AMD unveils new multi-core R-series CPUs

AMD further distances itself from the PC by adding three new CPUs to its R-series embedded line.

California-based chipmaker AMD is further distancing itself from the PC by unveiled new dual- and quad-core R-series processors designed for embedded applications.  

The new lineup consists of a quad-core part and two dual-core parts.

  • RE464X: Quad-core, 35W TDP, 2.3GHz (3.2GHz turbo)
  • RE272X: Dual-core, 35W TDP, 2.70GHz (3.2GHz turbo)
  • RE264X: Dual-core, 17W TDP, 2.2GHz (2.8GHz turbo)

According to AMD, the higher-power parts are aimed at applications that require "high performance x86 compute," such as network attached storage (NAS).

To help give thee processor a leg-up, AMD is introducing a new discrete GPU promotional program that provides customers who need more GPU power – gaming, signage and the like – with both a CPU and discrete GPU for savings of up to 20 percent. This allows the new R-Series CPUs to be combined with discrete AMD's Radeon E6460 or E6760 GPUs, which are capable of driving up to six independent displays.

"There is a need for a greater variety of processor and graphics options in several market segments ranging from storage to digital signage and gaming to meet ever growing performance requirements," said Kamal Khouri, director of embedded products at AMD, in a statement.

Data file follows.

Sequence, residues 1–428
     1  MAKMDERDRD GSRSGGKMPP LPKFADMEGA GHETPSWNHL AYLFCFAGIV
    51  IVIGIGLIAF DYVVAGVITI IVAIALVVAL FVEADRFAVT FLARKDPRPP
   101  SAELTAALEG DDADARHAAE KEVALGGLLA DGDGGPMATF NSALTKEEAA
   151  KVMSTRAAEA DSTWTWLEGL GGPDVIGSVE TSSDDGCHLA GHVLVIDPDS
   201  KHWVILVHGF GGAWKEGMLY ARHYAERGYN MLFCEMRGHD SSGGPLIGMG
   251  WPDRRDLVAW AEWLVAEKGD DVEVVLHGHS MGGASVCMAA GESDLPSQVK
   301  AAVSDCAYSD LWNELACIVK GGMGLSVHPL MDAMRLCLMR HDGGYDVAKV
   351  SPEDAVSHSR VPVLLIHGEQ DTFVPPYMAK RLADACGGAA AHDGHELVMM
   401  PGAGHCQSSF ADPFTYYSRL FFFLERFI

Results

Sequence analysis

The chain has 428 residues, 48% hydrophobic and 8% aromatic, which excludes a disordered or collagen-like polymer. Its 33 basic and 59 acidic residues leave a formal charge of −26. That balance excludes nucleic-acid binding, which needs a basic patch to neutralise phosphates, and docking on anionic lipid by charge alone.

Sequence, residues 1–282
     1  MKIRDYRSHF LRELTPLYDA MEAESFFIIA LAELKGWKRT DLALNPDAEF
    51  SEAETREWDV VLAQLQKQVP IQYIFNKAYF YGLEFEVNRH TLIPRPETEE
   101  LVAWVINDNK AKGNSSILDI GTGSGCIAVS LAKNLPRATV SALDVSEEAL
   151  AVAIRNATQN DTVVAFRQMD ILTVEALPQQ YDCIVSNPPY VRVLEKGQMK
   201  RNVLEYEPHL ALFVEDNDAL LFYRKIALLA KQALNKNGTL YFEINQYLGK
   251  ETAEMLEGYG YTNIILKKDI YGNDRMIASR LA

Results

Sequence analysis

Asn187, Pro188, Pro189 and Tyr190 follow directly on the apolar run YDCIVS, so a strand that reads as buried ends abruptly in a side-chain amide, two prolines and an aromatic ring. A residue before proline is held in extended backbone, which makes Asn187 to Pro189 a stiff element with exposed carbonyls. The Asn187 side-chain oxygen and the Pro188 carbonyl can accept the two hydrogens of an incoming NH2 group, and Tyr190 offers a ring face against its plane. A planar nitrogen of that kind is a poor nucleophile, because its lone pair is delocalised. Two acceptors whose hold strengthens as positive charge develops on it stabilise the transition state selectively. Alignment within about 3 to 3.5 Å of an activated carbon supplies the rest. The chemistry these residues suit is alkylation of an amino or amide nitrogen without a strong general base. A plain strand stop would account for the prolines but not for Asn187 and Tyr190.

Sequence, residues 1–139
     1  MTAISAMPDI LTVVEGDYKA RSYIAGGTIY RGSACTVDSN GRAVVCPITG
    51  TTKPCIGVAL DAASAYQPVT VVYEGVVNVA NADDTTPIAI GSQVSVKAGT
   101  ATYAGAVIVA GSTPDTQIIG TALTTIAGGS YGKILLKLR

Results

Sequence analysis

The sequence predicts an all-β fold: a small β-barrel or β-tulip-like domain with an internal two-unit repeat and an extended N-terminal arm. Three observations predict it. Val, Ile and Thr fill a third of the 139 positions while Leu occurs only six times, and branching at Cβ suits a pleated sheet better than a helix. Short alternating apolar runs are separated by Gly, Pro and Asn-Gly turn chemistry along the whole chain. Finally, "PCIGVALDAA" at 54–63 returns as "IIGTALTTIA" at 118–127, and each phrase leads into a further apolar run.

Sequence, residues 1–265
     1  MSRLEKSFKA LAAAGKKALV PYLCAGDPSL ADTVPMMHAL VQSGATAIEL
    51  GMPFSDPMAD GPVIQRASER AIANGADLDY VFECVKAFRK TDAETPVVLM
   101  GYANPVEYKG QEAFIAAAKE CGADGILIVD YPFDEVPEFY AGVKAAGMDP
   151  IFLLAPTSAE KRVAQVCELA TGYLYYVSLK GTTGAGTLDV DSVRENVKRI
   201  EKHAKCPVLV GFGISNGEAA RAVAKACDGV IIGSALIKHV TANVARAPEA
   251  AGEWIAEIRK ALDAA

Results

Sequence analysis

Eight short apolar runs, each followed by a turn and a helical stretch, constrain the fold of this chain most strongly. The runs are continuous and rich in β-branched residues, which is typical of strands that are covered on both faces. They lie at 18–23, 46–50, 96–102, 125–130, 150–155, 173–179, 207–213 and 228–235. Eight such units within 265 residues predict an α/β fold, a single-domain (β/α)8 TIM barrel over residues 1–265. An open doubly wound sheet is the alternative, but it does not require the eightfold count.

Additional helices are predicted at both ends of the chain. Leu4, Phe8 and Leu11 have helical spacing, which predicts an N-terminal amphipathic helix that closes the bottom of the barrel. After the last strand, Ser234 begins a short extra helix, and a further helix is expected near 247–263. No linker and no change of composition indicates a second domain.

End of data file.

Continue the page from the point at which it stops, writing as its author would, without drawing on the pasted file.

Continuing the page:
"The AMD Embedded R-Series CPU platform targets performance-intensive embedded applications with a new discrete graphics program to meet the diverse, high-performance requirements of the embedded engineering community. These new choices offer higher compute and graphics throughput plus compelling TCO for the embedded market."

These new processors follow hot on the heels of new G-series SoC parts that were released earlier this month .

AMD continues to distance itself from the PC by entering into different markets, and the new G-series SoC is just the latest move of that shift. Rumors are circulating – from a number of reliable sources – that AMD's FX line of CPUs will soon be discontinued as the company moves from CPUs to APUs that combine both the CPU and GPU onto a single chip.